As a result, that helped Virginia to build up a more confident image of herself. Sackville-West was the first one to help Virginia deal with her disease by switching between various forms of intellectual activities, such as reading and writing. In order to improve Virginia’s material situation, Sackville-West made a decision to be published in the Hogarth Press. After their love affair came to an end, Vita and Virginia remained friends till Woolf’s death in 1941.

Death

At the onset of World War II, Virginia began to suffer from episodes and headaches which were caused by permanent fear for her Jewish husband. The house in London which they owned was destroyed during a heavy airstrike. After she had completed work on the manuscript of her last novel Between Acts, Virginia got depressed and was unable to continue her work. According to her diary, after the end of World War II, Virginia got obsessed with thoughts of death.

On 28 March 1941, having written a letter to her husband and sister, she took on her coat, filled the pockets with stones, and drowned herself in the River Ouse, which was near her home in Sussex. Her body was found two weeks after her death. In her suicide note, she said that she continued to hear the voices and could not recover. She thanked Leonard for all the good things he had been doing to her in the course of their family life.

Work

Virginia Woolf’s novels were translated into 50 languages. She is considered to be among the best novelists of the 20th century and a progressive modernist writer. Her works are prominent for Virginia’s experimental approach in using a stream of consciousness and paying much attention to the emotional side of the protagonists. Despite the fact that she grew to be less popular after World War II, her works became to be of great interest after the feminist movements in the 1970s.

In her famous novel Mrs. Dalloway (1925), Virginia shows a try of a middle-class woman to organize an evening meeting as her life is paralleled with the life of Septimus Warren, a veteran who has returned from World War I. In the novel To the Lighthouse (1927), Virginia tells a two-day story of a family which is going to visit the lighthouses and faces various domestic disputes along the way. The main theme of the novel is the struggle in the creative process as the protagonist continues painting during a family drama. In the novel Orlando: A Biography, Virginia portrays a young aristocrat who lives for three centuries and does not age. In this novel, a historical biography grows into absurdity. Among Virginia Woolf’s famous novels there are also Between the Acts and The Waves.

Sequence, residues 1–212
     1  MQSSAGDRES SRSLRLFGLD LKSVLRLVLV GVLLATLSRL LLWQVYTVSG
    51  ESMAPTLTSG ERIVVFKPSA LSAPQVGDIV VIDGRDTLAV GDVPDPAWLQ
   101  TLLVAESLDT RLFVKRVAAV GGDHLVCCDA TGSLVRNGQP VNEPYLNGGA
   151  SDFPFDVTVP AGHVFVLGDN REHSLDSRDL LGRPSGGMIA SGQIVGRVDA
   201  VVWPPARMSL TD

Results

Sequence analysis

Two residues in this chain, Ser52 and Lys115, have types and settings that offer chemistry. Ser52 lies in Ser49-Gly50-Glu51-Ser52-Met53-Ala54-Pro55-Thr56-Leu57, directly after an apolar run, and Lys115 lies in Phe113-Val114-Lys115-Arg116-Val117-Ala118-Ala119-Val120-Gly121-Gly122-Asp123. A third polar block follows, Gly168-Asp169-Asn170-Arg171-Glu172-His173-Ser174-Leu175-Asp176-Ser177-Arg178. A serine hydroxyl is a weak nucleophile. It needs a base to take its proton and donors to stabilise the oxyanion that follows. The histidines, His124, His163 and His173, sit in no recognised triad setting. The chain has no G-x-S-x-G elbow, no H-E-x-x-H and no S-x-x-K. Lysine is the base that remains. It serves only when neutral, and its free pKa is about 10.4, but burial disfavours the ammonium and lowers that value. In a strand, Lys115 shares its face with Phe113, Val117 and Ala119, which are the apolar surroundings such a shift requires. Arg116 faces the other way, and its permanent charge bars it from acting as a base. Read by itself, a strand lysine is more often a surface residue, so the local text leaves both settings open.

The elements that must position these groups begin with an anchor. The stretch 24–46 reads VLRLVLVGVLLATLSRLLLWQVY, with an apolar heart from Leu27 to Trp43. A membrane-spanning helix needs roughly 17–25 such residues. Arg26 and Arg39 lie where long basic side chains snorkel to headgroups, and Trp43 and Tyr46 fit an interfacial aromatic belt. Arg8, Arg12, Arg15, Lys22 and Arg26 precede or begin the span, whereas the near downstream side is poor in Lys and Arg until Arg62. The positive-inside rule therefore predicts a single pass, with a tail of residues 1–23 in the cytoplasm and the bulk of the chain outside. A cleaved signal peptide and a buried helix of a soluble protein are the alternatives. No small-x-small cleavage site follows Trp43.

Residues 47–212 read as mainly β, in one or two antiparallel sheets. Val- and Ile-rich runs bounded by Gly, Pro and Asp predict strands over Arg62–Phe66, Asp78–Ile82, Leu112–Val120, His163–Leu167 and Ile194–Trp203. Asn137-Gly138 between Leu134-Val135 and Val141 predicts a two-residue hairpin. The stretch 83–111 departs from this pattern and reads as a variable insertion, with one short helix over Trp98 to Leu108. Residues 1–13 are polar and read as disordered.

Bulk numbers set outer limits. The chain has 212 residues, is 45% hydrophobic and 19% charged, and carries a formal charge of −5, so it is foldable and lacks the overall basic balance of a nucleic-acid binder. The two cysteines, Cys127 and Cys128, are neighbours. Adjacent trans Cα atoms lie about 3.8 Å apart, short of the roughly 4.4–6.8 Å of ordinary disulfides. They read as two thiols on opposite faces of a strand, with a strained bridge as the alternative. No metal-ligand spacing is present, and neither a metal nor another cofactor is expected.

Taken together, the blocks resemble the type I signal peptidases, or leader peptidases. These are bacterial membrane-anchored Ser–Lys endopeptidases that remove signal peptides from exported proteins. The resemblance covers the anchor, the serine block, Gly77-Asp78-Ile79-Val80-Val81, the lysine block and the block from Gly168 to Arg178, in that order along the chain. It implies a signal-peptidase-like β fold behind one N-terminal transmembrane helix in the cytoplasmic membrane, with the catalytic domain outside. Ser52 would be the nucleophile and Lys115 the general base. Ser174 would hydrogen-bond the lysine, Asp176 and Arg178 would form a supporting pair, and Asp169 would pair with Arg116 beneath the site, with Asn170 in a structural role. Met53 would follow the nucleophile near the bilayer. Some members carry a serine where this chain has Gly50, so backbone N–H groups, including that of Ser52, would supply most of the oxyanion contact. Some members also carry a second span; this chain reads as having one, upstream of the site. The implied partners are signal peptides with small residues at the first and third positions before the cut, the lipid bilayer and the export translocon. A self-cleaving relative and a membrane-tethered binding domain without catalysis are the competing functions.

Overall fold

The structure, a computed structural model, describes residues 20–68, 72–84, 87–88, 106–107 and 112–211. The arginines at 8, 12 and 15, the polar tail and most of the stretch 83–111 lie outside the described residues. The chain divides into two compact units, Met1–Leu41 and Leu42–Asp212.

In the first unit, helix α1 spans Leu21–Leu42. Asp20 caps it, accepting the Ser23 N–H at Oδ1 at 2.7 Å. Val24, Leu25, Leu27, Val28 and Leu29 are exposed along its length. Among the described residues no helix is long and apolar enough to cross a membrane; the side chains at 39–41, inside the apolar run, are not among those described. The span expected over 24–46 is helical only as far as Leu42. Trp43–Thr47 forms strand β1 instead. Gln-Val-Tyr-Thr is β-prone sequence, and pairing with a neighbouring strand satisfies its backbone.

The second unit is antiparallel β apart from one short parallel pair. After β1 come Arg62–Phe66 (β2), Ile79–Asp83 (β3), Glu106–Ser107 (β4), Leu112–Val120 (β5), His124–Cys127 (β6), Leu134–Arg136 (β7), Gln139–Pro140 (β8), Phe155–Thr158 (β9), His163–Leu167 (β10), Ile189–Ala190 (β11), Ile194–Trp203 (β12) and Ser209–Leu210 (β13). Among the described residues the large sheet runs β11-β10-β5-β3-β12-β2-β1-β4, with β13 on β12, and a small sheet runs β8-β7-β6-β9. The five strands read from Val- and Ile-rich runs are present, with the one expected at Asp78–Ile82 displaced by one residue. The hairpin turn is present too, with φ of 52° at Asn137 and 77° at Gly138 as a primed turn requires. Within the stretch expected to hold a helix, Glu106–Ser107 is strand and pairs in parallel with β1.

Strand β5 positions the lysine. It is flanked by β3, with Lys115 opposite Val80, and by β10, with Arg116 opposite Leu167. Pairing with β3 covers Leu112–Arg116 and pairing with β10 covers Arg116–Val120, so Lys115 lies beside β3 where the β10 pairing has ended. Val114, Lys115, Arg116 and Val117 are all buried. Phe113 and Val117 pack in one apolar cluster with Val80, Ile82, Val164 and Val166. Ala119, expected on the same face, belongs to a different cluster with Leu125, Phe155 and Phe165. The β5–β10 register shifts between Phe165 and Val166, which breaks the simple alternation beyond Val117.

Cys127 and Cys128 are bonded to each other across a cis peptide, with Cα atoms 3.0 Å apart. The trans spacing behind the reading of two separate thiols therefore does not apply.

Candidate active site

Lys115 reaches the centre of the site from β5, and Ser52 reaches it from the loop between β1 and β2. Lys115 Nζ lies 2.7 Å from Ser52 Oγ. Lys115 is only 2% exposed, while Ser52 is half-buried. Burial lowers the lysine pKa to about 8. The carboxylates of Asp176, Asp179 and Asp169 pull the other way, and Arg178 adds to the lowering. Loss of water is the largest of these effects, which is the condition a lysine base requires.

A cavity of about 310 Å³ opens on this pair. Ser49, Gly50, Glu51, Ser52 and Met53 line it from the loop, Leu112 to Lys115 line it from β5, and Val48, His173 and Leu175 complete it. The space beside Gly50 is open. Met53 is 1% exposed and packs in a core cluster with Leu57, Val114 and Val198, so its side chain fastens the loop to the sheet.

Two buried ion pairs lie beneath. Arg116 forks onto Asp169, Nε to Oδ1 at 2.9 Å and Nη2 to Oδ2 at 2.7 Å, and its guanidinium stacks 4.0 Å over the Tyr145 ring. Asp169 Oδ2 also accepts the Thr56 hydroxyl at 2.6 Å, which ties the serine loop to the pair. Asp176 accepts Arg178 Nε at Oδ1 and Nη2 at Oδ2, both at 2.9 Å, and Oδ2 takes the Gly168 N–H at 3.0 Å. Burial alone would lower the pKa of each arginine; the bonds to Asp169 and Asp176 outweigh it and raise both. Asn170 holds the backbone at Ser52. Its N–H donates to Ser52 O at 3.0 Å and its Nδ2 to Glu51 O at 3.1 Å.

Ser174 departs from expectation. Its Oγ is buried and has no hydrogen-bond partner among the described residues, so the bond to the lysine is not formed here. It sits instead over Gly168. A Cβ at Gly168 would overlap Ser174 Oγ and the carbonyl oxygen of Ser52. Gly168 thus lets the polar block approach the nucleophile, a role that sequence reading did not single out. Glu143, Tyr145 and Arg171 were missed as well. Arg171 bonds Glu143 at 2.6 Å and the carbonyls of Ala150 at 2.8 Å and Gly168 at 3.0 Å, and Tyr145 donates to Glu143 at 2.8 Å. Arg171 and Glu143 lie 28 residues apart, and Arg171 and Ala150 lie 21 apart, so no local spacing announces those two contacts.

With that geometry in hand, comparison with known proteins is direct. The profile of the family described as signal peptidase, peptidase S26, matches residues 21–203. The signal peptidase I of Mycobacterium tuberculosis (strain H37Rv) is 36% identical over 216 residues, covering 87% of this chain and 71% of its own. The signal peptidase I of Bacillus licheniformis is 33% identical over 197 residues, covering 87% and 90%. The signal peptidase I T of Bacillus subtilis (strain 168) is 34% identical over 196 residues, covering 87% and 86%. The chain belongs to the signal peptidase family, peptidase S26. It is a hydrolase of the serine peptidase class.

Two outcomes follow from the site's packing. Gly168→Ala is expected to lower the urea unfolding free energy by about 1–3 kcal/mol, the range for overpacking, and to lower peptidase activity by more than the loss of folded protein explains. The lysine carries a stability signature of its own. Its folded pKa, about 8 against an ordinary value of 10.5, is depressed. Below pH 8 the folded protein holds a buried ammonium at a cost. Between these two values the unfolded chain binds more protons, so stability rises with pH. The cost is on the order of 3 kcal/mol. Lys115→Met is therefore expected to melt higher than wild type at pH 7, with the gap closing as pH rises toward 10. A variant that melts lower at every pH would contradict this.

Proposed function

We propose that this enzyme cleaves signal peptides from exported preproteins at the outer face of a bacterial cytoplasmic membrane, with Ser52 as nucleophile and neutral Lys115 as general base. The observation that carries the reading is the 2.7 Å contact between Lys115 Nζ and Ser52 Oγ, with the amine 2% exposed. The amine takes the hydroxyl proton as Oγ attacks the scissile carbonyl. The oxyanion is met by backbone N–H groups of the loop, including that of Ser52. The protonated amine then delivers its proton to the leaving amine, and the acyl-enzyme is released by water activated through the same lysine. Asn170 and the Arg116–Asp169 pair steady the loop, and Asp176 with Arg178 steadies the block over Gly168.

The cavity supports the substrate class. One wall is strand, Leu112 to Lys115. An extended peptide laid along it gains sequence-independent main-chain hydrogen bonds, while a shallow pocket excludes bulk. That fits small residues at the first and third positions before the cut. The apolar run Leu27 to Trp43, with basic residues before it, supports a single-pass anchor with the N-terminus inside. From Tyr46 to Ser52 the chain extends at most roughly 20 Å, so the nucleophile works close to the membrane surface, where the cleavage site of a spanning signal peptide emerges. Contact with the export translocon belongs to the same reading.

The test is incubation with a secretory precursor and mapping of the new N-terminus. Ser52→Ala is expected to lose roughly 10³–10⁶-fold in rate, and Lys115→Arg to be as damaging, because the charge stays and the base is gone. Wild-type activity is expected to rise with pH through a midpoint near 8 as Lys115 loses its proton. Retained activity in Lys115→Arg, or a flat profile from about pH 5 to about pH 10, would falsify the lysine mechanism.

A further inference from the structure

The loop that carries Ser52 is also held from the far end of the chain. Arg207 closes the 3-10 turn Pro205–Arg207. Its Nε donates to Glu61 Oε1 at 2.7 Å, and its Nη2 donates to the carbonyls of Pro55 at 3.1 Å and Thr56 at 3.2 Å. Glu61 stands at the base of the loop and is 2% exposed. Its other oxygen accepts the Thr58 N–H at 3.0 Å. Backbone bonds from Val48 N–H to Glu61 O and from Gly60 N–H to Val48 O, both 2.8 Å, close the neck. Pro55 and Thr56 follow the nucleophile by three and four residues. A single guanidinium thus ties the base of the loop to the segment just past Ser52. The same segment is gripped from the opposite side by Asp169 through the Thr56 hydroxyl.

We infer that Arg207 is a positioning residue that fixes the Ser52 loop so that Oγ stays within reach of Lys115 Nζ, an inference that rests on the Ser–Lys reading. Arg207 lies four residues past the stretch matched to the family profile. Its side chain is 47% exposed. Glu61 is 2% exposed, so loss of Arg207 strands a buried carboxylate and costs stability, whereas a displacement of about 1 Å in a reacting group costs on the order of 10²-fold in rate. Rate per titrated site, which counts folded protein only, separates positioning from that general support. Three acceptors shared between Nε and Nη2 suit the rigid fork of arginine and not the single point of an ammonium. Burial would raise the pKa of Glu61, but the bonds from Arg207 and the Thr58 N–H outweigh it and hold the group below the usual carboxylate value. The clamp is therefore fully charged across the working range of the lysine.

Views

Despite the fact that her husband was a Jew, Virginia often incorporated stereotypical archetypes in portraying Jewish characters. In her diary, she mentioned that she liked neither the sound of a Jewish voice nor a Jewish laugh. She also tended to criticize Christianity because of its confident selfishness. As follows from her private letters, Woolf considered herself to be an atheist. In her book Three Guineas, she criticized fascism and the patriarchal societies’ tendency to violence.

Legacy

Virginia Woolf has contributed much to 20th-century literature; her works have made a great impact on modern culture, in particular, literature. Michael Cunningham’s novel The Hours tells a story of three generations of women influenced by Woolf’s novel Mrs. Dalloway. In 2002, The Hours was made into a movie. In her novel Vanessa and Virginia (2008), Susan Sellers discovers relations between Virginia Woolf and her sister Vanessa. In 1962, Edward Albee’s play Who’s Afraid of Virginia Woolf? was published. Virginia Woolf is still being popular and studied by such organizations as the Virginia Woolf Society and The Virginia Woolf Society of Japan.

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IvyPanda. "Virginia Woolf Biography." July 18, 2021. https://ivypanda.com/essays/virginia-woolf-biography/.

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IvyPanda. 2021. "Virginia Woolf Biography." July 18, 2021. https://ivypanda.com/essays/virginia-woolf-biography/.

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IvyPanda. (2021) 'Virginia Woolf Biography'. 18 July.